Put your whole self in… and that’s what it’s all about!

Ephesians 4.1-16

You put your whole self in and that’s what it’s all about. Do you remember those words of the Hokey Pokey? The scouts sing it this way – right hand, left hand, right foot, left foot, head, seat, and whole body. Can you imagine with me about how the Hokey Pokey might apply to sanctification? Your right hand might put some money in the offering plate. Your left hand might offer some veggies to the neighbors. Your right foot might go visit and encourage someone. Your left hand might go somewhere like the school to do some volunteering. Your head might read a little Scripture. You might sit with Christ Jesus and pray a little while. And, on Sunday you might even head down to church and put your whole self into the service singing a hymn or two. But Paul’s letter inspires us to put our whole self in all the time.

As we enter chapter 4 we enter into the practical section of Paul’s letter. Based on the first three chapters Paul has established the foundation of all practical expressions of faith. Believers found their expressions of faith in their hearts and lives based on the Grand Plan: creation, covenant, Christ, Church, and the consummation. Instability in doctrine is a result of immaturity in the Body of Christ.

Paul begins this section the same way as the last section (3.1) as a “prisoner of the Lord” who is living his life worthy of his calling and he requires those who believe in Jesus to do the same. Paul has diligently presented the Gospel truths to his people – the church at Ephesus. Having reminded them of the gift that lives within them – the Holy Spirit who is able to do more than they could every hope or imagine, Paul now instructs the believers who to live a righteous life worthy of their calling (4.1).

These instructions are directed to the community and her collective response in how they are living in the world around them. Paul invites the people to experience what George Barna would call “holy discontent” for how they are living. Paul desires for the people to long for the “more” in their lives. Paul invites them to seek to ground their personal beliefs in God’s Grand Plan not their own personal beliefs nor the culture around them. Paul is stirring up the feelings of “holy discontent” that they might chase after the “more” of God in their lives.

Paul’s day humility was seen as a sign of weakness not virtue. Yet, the Jewish tradition understood that humility before God was paramount. The word that is used here in the text is “walk.” Which is rooted in the Old Testament word for pious living “halakah.” A key example of this word is used in 2 Kings 20.3 when Hezekiah prayed for the Lord to remember how he had “walked” before him faithfully and with wholehearted devotion. This is the kind of “walk” that Paul is describing to the people of Ephesus. Paul is inspiring the people to “walk” humbly, gently, and patiently. This is a spirit of “brokenness” before God. All pride is gone. In this attitude the opportunity to “walk” in surrender and submission before God presents itself.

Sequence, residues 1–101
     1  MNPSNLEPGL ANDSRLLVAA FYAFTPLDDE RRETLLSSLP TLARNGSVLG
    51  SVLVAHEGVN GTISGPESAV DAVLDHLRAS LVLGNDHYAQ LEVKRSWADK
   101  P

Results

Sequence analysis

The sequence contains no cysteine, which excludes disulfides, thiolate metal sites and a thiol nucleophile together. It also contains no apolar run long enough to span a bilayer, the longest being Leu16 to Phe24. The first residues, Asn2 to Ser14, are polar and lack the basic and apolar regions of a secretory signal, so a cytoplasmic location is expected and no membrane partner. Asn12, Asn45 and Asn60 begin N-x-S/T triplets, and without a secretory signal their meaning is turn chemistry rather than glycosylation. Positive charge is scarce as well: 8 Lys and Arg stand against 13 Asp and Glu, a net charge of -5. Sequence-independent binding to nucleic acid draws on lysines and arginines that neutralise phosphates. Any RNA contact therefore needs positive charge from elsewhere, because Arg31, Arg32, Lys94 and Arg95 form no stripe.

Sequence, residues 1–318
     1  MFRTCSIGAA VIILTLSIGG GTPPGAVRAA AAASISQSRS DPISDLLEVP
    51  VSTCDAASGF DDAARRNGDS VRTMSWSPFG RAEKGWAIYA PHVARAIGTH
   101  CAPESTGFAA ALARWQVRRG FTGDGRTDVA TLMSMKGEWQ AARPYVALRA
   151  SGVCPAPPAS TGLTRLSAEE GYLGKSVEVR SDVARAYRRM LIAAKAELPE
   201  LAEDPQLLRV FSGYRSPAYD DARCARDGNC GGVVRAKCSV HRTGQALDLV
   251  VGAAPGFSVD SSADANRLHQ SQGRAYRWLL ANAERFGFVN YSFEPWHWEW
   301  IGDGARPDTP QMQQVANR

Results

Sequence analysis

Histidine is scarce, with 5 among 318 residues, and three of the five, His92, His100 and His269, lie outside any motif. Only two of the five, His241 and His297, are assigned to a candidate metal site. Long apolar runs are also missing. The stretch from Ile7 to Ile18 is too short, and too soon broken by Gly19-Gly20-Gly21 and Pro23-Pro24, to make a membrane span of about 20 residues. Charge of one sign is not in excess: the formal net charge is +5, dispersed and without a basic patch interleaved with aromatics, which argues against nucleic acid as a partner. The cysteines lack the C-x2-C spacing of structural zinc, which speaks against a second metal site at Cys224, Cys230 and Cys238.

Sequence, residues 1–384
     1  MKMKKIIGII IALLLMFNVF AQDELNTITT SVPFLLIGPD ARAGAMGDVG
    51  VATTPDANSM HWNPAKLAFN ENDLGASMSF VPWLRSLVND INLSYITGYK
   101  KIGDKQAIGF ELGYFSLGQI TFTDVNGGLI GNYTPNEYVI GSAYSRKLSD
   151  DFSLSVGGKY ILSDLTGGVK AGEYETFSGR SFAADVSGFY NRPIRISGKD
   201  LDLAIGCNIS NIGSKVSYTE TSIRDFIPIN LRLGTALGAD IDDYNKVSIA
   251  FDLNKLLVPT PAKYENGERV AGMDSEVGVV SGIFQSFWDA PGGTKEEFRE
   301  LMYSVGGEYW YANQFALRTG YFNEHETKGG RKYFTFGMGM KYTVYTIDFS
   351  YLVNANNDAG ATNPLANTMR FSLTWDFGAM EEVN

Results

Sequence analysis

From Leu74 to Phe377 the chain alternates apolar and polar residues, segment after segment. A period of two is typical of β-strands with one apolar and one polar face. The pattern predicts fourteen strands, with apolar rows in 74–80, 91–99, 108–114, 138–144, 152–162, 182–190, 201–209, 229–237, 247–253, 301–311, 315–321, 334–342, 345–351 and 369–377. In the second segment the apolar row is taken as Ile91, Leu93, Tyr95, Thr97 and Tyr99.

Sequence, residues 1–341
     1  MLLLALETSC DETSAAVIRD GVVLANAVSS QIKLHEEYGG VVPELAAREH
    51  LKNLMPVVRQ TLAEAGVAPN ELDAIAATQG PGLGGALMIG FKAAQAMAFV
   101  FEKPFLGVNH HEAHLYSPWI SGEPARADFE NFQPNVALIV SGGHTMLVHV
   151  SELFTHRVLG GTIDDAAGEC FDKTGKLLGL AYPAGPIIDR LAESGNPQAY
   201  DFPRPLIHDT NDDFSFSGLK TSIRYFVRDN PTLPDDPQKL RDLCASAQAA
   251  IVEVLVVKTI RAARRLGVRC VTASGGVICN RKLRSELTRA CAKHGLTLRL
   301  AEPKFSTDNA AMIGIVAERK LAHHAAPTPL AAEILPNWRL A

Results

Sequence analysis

Line by line Paul instructs the believers beginning first with humility, gentleness, and patience. Then Paul instructs the believers to live in love toward one another preserving the unity that they share in bonds of the Holy Spirit. He reminds them that they may be from different backgrounds and ethnic groups but they are called to a life in Christ that is One body, One spirit, and One hope. He further reminds them of the One Lord they all serve, and the One faith they all share. Paul instructs them that there is only One baptism and One God who is Father of all peoples. And, Paul teaches that there is One grace that is shared among all believers.

Paul offers us this vision of Oneness that is somewhat strange to our culture today. There is only one way the church can function together as One, and that’s when each participant is surrendering and submissive to what Christ Jesus wants for his church. When the church becomes our church, we have failed to be the church. We have lost sight of the bigger picture. Oneness is mention on sever different occasions here in the text. Oneness must be pretty important to Paul. But what is all this talk about oneness. What is Paul trying to get at? I think the placement of the oneness needs to be connected to the outpouring of the leadership gifts.

Paul quotes from Psalm 68 to affirm that Jesus indeed descended to earth and ascended to the heavens so that he could take prisoners for his cause and give gifts to the people. And, what are those gifts? The gifts of leadership have been bestowed upon those who believe for the equipping of God’s people to serve and build up the church. Those gifts include – apostles, prophets, evangelists, pastors, and teachers. The purpose of the gifts is to reach unity of faith and knowledge of Jesus Christ, God’s Son. The gifts are to provide practical edification of the body of Christ.

The word for grace gifts here is “charis” unlike the word for grace gifts in 1 Corinthians and Romans “charismata.” The “charismata” means the manifestation or individual experiences in serving the body of Christ whereas “charis” means the whole grace “charis” of God. Perhaps another way of putting it would be that here Paul wants people to focus on the Oneness of God’s expression that is for all – the sameness of God for all. It is when you and I realize it’s not all about me, then we can understand the oneness of God in community. When we loose ourselves, then we can find the unity that Paul is describing here.